As a new owner of a small-sized metal lathe, I was wondering if I could use this lathe also for small woodworking projects. After spending the money and dedicating the space for the machine, I thought, I had better to put it to maximal use.
Through testing and trying the lathe with different tools and different woods, I can tell you the answer: a metal lathe can be used for woodturning with small projects that fit into the machine. Some modifications and adjustments are necessary, however, depending on the type of cutting you wish to do, and extra precautions must be taken to ensure proper workpiece holding, dust collection, and operator safety.
I will next go through the main points that I think you should consider if you wish to use your metal lathe for wood. I hope the information will help you make the most of your machine!
Warning: operating a lathe carries a risk of injury – be sure to wear the appropriate personal protective equipment, read all instructions, and exercise caution; please also see the Disclaimer.
Metal lathes are usually intended for smaller workpieces than wood lathes of the same outer dimensions and power. The shorter distance between centers and the narrower swing mean that they are best suited for small-sized wood turnings such as pencils, small bowls and cups, candle holders, and perhaps chair legs. Sadly, most wooden bowl or table leg projects are unlikely to fit into the small-to-medium sized metal lathe that you would typically have in your shop.
That said, metal lathes usually have more than enough power and stability for their size, so these will not restrict the speed or depth of your roughing cuts.
The easiest way to turn wood in a metal lathe is to use the carriage, tool holder and tools just as you would with metal. Your typical HSS or carbide tooling will not have any problems in cutting wood, and allow you to perform the typical OD, facing and ID work on wooden workpieces as with metal.
Obviously, this method is not very well suited for producing the more elaborate and rounded and undulating shapes that are typical in wood turnings. Neither will it produce the plane-smooth finish that can be achieved with woodturning chisels; the metal tools cut wood in a scraping manner, and leave a much rougher finish, particularly with softwood workpieces.
If you want to turn wood in a metal lathe with conventional woodturning tools and style, you will have to improvise a tool rest into your metal lathe. While this takes some work, it is not difficult, and the tool holder provides an easy adjustable mount point for the rest. For safety, it is important to ensure that the tool rest retains sufficient clearance to the chuck.
3 Workpiece holding
Most metal workpieces can take large gripping forces and surface pressures without any issues, and this allows you to tighten them into the lathe chuck very securely.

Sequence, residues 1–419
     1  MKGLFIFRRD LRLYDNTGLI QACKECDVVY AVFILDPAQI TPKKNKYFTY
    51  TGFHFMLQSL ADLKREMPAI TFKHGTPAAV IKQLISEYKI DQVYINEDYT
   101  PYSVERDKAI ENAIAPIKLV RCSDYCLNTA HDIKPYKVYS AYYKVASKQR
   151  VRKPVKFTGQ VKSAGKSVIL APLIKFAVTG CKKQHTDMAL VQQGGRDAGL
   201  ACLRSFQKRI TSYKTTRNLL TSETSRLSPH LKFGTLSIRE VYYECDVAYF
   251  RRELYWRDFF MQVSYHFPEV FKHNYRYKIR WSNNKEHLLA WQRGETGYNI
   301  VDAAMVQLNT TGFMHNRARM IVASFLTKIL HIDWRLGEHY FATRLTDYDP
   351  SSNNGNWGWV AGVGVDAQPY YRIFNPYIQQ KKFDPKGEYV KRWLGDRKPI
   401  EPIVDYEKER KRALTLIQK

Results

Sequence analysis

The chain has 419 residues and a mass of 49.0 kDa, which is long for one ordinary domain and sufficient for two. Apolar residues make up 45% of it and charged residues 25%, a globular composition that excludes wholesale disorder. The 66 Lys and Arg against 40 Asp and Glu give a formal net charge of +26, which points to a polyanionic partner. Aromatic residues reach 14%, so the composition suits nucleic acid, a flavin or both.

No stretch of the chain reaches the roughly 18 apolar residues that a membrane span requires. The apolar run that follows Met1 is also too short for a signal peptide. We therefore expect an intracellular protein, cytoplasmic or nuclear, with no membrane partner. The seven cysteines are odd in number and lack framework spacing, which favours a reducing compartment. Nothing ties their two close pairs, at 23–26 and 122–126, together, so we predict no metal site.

This is not the case with wood, which is easily dented, particularly in the cross grain direction. Using the standard metal lathe chuck to hold wooden workpieces is therefore a balancing act: grip too tight, and you will mark your piece; grip too loosely, and the piece may come flying off the chuck. With some experience, you can develop a feel to the appropriate tightness and use the standard three- or four-jaw chuck successfully with wood. If you are unsure of the proper tightness as you are starting out, it is better to err on the side of caution and grip very tight.
With some ingenuity, it is usually possible to come up with various “soft jaws” or fixtures which enable you to grip wooden workpieces securely but without leaving marks on critical surfaces that will be finished. When using the standard chuck, I would also recommend planning your work, whenever possible, so that you can grip a feature of the workpiece that is not a part of the final product.
4 Dust collection
Cutting wood in a lathe, whether a wood or a metal lathe, generates dust and shavings. Compared to the metal chips resulting from normal metal lathe operations, the wood dust is more easily carried with air currents everywhere on, and possibly in, the machine. While woodturning lathes are typically designed to cope with wood dust, metal lathes are not, and the dust flying around may become a serious issue.
To avoid wood dust from clogging up you machine, I highly recommend that you have some sort of dust extraction in operation close to the workpiece. Ideally, you should arrange the collection so that all dust and shavings are extracted right at the point of generation. You can achieve this by fixing your shop vac hose, for example, close enough to the cutting point. In doing this, however, remember to ensure that the extractor head always maintains a sufficient clearance from both the workpiece and the chuck.
As mentioned, gripping the workpiece securely in the metal lathe chuck is somewhat more difficult with wood than metal. Further, a wooden workpiece is inherently more prone to splintering than a metal one.
Turning wood in a metal lathe therefore always carries some risk of the workpiece fracturing or coming loose. Such an event has a major potential of causing injury to you as the lathe operator, and damage to the machine. As with turning wood in a proper wood lathe, you should always wear a full-face mask and heavy clothes to protect yourself from workpieces turned into projectiles.
While a metal lathe cannot replace a wood lathe, it does lend itself to use in many small woodturning projects, provided you are willing to make some adjustments and take a few precautions. Although you can equip it with a tool support for woodturning with conventional style, it is the easiest to use with small geometrically simple items, which you can cut with metal tooling and straight tool paths. Personally, I have used my small metal lathe successfully for turning oak tealight holders of many different designs.